Tuesday, November 17, 2009

This week in New Zealand history: Mark Twain's visit

In 1895, Mark Twain spent a month in New Zealand, as part of the year-long lecture tour he made to pay off his debts. He travelled the country, encountering such unexpected events as dogs being brought to his show in the South Island town of Timaru. On the 21st of November he arrived in Auckland, and performed his "At Home" in the city's Opera House to a packed audience. Those attending had paid 1/- (in the Pit), 2/6 (Stalls), or the princely sum of four shillings for seats in the Dress Circle. No dogs were in attendance.

As a supporter of women's suffrage, Twain was particularly impressed that New Zealand women had had the vote for two years by the time of his visit. From his account of the tour, Following the Equator:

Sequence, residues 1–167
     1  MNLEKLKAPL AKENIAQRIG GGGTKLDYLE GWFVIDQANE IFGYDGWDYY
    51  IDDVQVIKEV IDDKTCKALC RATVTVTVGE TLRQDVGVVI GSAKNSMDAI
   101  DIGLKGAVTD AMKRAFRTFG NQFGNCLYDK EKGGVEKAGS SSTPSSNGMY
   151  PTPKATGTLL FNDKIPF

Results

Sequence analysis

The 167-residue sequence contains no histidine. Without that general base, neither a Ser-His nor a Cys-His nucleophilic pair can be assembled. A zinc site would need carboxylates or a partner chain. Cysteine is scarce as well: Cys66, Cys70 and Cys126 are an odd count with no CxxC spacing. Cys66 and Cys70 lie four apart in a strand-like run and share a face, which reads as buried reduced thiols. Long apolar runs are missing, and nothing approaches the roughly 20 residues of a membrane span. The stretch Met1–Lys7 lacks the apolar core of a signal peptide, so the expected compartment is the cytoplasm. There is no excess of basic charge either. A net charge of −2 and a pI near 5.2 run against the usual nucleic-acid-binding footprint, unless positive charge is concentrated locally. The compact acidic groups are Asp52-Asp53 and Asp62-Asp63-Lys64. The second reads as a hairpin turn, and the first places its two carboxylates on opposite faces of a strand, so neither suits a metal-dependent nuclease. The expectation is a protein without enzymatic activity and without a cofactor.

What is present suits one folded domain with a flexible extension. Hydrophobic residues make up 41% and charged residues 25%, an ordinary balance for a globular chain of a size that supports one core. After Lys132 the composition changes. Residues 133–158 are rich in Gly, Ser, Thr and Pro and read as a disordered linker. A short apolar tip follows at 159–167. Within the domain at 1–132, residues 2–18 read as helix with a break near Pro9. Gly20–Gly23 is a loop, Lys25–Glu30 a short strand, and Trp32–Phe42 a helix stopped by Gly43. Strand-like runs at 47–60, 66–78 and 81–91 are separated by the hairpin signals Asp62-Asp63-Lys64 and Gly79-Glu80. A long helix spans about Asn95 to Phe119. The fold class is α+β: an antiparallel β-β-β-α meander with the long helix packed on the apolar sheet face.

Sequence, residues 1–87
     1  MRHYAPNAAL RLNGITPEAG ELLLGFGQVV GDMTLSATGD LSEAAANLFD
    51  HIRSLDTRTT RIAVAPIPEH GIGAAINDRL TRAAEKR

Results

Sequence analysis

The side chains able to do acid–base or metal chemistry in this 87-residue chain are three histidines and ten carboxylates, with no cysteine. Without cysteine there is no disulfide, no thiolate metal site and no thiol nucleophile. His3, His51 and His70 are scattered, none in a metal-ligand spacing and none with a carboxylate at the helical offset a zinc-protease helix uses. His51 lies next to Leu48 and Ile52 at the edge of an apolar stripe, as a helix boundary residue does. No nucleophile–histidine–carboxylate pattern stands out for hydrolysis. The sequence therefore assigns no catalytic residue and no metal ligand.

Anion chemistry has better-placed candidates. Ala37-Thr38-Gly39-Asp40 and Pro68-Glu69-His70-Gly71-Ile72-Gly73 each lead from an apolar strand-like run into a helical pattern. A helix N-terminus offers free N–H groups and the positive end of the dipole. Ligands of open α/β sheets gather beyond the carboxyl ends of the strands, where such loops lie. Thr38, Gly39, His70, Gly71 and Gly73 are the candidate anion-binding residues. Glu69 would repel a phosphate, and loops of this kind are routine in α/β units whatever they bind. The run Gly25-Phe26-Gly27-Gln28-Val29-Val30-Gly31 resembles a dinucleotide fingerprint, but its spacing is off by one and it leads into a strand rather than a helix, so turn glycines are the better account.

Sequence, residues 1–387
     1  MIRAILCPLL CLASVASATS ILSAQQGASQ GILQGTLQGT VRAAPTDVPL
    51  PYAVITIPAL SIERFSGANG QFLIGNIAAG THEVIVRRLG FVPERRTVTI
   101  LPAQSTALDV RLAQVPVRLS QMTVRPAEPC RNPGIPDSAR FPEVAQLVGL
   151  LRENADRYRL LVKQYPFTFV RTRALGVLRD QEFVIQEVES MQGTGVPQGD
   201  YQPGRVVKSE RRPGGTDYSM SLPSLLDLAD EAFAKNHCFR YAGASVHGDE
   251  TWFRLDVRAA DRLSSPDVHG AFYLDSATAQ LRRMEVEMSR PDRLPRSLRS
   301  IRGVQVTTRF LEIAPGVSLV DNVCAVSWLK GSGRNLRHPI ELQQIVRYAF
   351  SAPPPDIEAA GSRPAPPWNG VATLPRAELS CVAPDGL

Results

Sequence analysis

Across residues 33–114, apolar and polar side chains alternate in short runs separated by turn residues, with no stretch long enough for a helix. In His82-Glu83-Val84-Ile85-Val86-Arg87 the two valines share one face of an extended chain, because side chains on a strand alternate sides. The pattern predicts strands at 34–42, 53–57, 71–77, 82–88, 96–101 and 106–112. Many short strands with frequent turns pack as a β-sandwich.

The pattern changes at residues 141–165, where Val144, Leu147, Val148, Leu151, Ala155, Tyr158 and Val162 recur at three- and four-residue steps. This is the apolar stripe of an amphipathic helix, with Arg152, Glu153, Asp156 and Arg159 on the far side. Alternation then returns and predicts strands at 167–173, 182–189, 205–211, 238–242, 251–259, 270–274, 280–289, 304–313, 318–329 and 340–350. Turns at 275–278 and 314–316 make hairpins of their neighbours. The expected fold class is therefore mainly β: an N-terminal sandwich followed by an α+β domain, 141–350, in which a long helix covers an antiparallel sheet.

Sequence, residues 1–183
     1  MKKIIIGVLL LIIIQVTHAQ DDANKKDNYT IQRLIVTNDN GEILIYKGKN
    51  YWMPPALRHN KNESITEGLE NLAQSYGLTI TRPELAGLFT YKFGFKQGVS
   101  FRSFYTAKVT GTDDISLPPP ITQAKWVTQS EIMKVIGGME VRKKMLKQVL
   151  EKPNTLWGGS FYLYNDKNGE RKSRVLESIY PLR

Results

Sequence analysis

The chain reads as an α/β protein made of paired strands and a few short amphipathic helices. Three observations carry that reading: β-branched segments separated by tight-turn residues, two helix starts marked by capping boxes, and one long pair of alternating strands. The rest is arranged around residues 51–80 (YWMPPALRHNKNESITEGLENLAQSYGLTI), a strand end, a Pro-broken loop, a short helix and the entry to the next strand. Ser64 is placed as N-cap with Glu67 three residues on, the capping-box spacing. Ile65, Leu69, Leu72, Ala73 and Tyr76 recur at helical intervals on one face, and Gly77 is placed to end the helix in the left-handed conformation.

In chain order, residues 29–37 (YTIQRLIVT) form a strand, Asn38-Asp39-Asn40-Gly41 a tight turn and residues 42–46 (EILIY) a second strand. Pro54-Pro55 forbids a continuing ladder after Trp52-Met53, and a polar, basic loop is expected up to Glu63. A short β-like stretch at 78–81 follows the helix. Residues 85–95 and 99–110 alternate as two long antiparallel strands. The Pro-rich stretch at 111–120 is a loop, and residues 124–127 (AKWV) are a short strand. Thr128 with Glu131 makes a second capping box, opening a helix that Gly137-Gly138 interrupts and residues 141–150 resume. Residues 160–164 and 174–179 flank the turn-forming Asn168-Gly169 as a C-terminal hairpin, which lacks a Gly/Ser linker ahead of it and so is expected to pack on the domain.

In the New Zealand law occurs this: "The word person wherever it occurs throughout the Act includes woman."

That is promotion, you see. By that enlargement of the word, the matron with the garnered wisdom and experience of fifty years becomes at one jump the political equal of her callow kid of twenty-one.

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